Retailers don’t even wait anymore for Halloween to be done before putting up Christmas decorations and blitzing television stations with holiday shopping ads.
Thanksgiving Day kind of gets lost in the crush. Even Black Friday seems eclipsed by retailers’ rush to open stores as soon as the last fork hits the table after the feast of turkey and all of the trimmings. Time to waddle out to the stores!
’Tis the season.
In the spirit of isn’t commercialism a swimmingly, fanciful wonderful thing as the country continues to pull further away from the Great Recession (when we wish we could have done this kind of happy dance), the U.S. Census Bureau provides some stimulating data as the Christmas shopping season shifts into high gear.
The nation’s department stores in December 2014 did an estimated $24.5 billion in retail sales, which was a 41.2 percent increase from the previous month when sales were $17.3 billion. “No other estimated month-to-month increase in department store sales last year was as large,” the census reports.
Last quarter sales for retailers weigh heavily on whether it was a good year for them. The last month also matters. The census reports that December 2014 for department stores was when 14.2 percent of estimated sales were recorded. For jewelry stores December 2014 sales represented 18.2 percent of their business.
From Aug. 31 to Nov. 30, 2014, department stores’ inventories grew an estimated 21.7 percent as they ramped up for the holidays.
Electronic shopping and mail order houses in December 2014 logged $48.3 billion in sales, the highest estimated today for any month last year. By the way, there were 31,112 electronic shopping and mail-order houses in 2013, employing 383,066 workers.
Not everything that consumers buy during the holidays is made in America — surprise, surprise. As a matter of fact, $1.2 billion in something as American as Christmas tree ornaments came from China from January to September 2015.
“China was the leading country of origin for such items,” the census reports. “Similarly, China was the leading foreign source of artificial Christmas trees shipped to the United States ($163 million worth) during the same period.”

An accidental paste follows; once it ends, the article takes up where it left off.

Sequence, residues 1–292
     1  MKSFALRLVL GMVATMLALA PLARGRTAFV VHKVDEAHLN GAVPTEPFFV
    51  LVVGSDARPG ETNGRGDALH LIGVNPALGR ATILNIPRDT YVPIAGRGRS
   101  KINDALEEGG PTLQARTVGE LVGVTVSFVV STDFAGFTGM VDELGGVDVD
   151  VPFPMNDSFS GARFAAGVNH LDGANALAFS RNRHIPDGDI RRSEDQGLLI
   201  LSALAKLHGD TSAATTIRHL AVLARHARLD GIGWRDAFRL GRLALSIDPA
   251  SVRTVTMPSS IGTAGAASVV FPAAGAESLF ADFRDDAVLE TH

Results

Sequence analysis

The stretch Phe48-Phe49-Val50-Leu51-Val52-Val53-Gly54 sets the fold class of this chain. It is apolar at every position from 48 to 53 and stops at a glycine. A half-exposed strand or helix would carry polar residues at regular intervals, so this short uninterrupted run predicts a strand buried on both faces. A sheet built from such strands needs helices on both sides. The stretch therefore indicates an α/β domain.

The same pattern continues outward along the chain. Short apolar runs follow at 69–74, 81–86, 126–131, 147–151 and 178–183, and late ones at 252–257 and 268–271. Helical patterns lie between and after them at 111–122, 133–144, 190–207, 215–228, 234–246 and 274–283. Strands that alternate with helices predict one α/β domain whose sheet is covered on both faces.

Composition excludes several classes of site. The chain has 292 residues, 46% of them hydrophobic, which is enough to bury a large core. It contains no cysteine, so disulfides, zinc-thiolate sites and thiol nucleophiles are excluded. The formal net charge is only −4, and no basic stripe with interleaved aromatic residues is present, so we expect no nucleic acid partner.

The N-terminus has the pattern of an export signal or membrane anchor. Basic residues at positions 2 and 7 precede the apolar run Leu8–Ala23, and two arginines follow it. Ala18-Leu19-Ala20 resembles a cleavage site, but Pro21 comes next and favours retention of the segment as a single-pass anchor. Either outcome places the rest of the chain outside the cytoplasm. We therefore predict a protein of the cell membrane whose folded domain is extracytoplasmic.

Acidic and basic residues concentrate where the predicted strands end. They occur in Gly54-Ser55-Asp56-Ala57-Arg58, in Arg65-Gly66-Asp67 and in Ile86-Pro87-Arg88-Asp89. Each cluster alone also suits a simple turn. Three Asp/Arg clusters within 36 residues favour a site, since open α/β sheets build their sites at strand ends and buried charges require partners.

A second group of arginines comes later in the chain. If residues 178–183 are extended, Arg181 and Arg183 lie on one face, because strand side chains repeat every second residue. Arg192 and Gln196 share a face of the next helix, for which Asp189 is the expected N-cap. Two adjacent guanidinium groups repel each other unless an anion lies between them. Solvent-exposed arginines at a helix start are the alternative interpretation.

What are the holidays without poinsettias? There were 567 U.S. producers of poinsettias in 2014. California, North Carolina and Florida ranked in the top three in poinsettia sales.
In 2013 there were 545 locations that primarily produced dolls, toys and games, employing 6,538 people. California led the U.S. with 86 businesses of that type.
For people looking for that Christmas-related postmark like Hell, Mich., for Halloween, there are a dozen places named Holly, including Mount Holly, N.C., and Holly Springs, Miss. There also is Snowflake, Ariz.; Santa Claus, Ind.; North Pole, Alaska; and Noel, Mo. And for the reindeer lovers, there’s Dasher, Ga., and Rudolph, Wis. People seeking peace on earth might turn to Unity, N.H., and Peace, N.D.
Not to leave out Thanksgiving, Hanukkah and Kwanzaa, the census notes that Washington state and Idaho for the holiday feast on Thursday, produced 53 percent of the nation’s potato crop in 2014.
U.S. manufacturers shipped $1.7 billion in candles in 2013. Many candles are lighted during Diwali (Nov. 11), Hanukkah (Dec. 6-14) and Kwanzaa (Dec. 26- Jan. 1).
This also is the season to mail gifts to relatives. The U.S. Postal Service surpassed its own December 2014 projects for package deliveries by 11.5 percent. That was an increase of 18 percent from package deliveries in December 2013.
Happy shopping season — the No. 1 U.S. holiday.